Hundreds of street murals brighten Oakland’s walls, painted by local artists, graffiti writers and collectives, like the Community Rejuvenation Project. Some are “bombed”, i.e. done without permission, on the fly, usually at night. Others are commissioned by private businesses and public institutions. This audio slideshow is a preview of some of them.
Judy Lee has already begun packing her boxes. Full of art supplies and Shel Silverstein books, the boxes sat neatly stacked near the wall of her spacious classroom at the Piedmont Avenue Early Childhood Development Center on Wednesday, a telltale sign of the center’s imminent closure.
An innovative financing scheme designed to help homeowners afford to make their homes greener and more energy efficient could be in trouble. The Federal Housing Finance Agency recently announced that it would not support Property Assessed Clean Energy (PACE) finance programs, like one set to launch for Oakland residents later this year.
As the 2010 midterm elections approach, Obama supporters are trying to get Oaklanders to think positively about the healthcare reform bill signed into law this past March. Organizing for America, the grassroots network that helped elect President Barack Obama, held a healthcare teach-in for Oakland residents.
“Ladies and gentlemen, you could be taking dance lessons in Jack London Square or having a drink. But no, we’ve had too important a week, haven’t we?” With that, Aimee Alison, host of the KPFA Morning Show and founder of OaklandSeen.com, opened the Oakland mayoral forum on public safety held Thursday evening, July 15th at the Lakeshore Baptist Church.
As Oakland awaits next month’s sentencing of Johannes Mehserle, the BART police officer convicted last Thursday of involuntary manslaughter in the 2009 shooting of Oscar Grant, authorities, community groups and onlookers congratulated each other on the mostly non-violent protests that followed the verdict last Thursday. Joint planning among city, police and community groups helped keep the peace, they say.
Are you just about done with all the summer squash coming out of your garden? Or been eyeing the neighbor’s plum tree, wishing you had some of your own? There’s a bench in North Oakland’s Mosswood Park where you can trade away your excess harvest and pick up something else you like.
On Thursday afternoon, protestors and media convened in downtown Oakland for what many feared would be a violent reaction to the verdict in the trial of former BART officer Johannes Mehserle. But following the verdict, several Oakland gathering spots offered an alternative to the mass downtown protest, where people could peacefully vent their feelings and talk about the future.
Residents in North Oakland’s Koreatown-Northgate district may soon be getting some new neighbors—a group of men and women trying to restart their lives after spending time behind bars. Center Point, Inc., a Marin-based non-profit social services agency, is planning to open a day reporting center for parolees from Oakland on the 33rd block of Telegraph.
North Oakland homeowners may soon have incentives to insulate their walls, upgrade windows and install solar panels, thanks to a countywide program set to launch this fall. Through the Alameda County Energy Efficiency and Green Retrofit Program, owners of residential property in the county can get rebates and loans for making energy-saving improvements to their property.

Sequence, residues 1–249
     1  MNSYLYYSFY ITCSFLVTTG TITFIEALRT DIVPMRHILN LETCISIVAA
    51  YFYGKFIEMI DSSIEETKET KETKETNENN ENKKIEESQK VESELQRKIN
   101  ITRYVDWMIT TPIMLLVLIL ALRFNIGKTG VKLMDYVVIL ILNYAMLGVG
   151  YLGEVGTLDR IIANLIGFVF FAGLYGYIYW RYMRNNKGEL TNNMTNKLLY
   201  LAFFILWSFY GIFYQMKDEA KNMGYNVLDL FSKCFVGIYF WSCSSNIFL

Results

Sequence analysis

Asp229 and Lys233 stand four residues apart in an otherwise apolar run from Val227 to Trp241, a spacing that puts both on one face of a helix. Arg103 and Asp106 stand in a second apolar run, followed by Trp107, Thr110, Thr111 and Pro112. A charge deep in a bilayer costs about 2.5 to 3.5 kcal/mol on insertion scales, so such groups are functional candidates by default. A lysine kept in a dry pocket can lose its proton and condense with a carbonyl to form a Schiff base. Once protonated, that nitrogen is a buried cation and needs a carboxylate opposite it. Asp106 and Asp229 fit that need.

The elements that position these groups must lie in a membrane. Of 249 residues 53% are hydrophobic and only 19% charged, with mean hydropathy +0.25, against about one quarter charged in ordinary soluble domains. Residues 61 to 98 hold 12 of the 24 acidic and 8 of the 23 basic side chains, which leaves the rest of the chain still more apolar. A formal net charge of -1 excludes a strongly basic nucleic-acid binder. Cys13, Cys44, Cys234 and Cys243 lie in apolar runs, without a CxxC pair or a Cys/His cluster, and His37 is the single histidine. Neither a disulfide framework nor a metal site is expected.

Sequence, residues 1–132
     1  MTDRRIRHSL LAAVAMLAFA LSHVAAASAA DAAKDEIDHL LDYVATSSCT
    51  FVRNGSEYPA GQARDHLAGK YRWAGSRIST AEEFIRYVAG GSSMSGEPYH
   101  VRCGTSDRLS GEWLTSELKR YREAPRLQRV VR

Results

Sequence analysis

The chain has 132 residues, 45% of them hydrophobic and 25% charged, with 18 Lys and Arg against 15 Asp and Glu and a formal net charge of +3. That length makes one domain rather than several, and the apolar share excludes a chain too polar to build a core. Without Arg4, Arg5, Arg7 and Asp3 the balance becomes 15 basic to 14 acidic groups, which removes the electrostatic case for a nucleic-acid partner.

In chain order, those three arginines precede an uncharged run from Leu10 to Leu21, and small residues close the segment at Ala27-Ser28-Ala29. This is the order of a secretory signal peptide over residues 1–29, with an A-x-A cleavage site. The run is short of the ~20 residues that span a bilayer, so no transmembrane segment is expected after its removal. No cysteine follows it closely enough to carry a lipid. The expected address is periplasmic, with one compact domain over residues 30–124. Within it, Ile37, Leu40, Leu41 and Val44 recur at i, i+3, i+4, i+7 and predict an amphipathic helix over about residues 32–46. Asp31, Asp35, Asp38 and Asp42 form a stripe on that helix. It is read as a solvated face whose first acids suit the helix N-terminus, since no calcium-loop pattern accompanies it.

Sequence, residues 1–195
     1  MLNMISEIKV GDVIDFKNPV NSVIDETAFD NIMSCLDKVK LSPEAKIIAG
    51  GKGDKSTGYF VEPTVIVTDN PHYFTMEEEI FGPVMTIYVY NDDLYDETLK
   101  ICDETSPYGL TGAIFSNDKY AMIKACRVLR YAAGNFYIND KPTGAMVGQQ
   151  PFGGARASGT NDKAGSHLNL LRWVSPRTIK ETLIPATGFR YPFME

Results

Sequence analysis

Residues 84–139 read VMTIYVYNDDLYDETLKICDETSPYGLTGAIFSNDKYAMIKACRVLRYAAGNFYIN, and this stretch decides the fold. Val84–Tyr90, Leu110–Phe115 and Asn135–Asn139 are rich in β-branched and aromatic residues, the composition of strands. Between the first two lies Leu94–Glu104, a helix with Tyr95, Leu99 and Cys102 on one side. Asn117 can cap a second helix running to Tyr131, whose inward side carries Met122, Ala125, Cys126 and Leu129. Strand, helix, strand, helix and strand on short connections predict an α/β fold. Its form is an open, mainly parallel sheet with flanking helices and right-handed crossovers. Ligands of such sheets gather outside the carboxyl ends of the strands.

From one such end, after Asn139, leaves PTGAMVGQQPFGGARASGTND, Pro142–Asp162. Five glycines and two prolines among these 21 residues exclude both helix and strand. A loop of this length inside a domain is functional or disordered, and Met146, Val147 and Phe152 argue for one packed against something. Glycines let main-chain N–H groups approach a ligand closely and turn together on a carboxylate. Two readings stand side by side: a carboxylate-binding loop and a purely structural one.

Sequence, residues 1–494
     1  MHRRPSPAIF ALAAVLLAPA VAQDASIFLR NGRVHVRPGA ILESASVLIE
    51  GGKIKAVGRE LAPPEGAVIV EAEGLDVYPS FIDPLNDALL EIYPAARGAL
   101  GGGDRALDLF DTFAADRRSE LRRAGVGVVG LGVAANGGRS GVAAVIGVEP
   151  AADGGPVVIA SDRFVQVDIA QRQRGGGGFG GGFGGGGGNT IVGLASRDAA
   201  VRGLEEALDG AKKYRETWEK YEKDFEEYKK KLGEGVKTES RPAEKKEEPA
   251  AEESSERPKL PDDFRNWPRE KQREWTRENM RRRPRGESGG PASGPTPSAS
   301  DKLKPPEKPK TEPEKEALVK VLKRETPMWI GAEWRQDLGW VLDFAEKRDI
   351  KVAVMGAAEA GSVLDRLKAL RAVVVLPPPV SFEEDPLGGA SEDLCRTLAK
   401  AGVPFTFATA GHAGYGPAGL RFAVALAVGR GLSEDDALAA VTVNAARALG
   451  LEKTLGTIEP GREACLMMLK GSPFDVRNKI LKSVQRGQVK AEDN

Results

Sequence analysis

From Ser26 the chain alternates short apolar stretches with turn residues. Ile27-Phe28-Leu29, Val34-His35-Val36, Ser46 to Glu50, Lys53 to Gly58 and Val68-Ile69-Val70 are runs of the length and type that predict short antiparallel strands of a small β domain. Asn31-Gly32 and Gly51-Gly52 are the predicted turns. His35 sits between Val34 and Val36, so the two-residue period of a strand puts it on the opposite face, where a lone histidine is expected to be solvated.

The Oakland City Council voted Thursday night to lay off 80 police officers to help close the city’s $30.5 million budget gap. Various city government departments—including the City Administrator’s office, City Council, the Fire Department, and Information Technology Department also had their budgets cut, by a total of $18.7 million, as part of the fix.
It’s hard to catch Steve Sparkes these days between World Cup games, building a tasting room at Linden Street Brewery in West Oakland, and organizing a week-long free soccer camp for over sixty kids. Now in its third year, the “My Yute” soccer camp offers skills training to young players, while exposing them to the cultural diversity of the game and spreading, Sparkes hopes, his passion for the sport.
Imagine a city with blue skies and clear roads, populated by healthy people commuting on quiet, non-polluting buses. That’s how the business magazine Fast Company envisions the perfect city, and it’s borrowing some ideas from Oakland.
On Monday morning, Oakland police officers and community leaders gathered at the site of a recent murder in West Oakland to warn of what could follow if Oakland’s police force is drastically cut to help close the city’s $31.5 million budget gap. “This is a dangerous city,” Dominique Arotzarena, president of the Oakland Police Officer’s Association, told a small group composed mostly of journalists. Laying off one quarter of the police staff, he said, “sends the wrong message.”
The Oakland lawn bowling club has been rolling on the greens at Lakeside Park for nearly a century. The game dates from 13th century England, and was played by the likes of Sir Francis Drake and Henry VIII.
At the cafes, pubs and bars of North Oakland, the World Cup debates have begun, and are sure to escalate throughout the month-long tournament — although the nine-hour time difference between California and South Africa means coffee may gain on beer as the favorite game-watching beverage.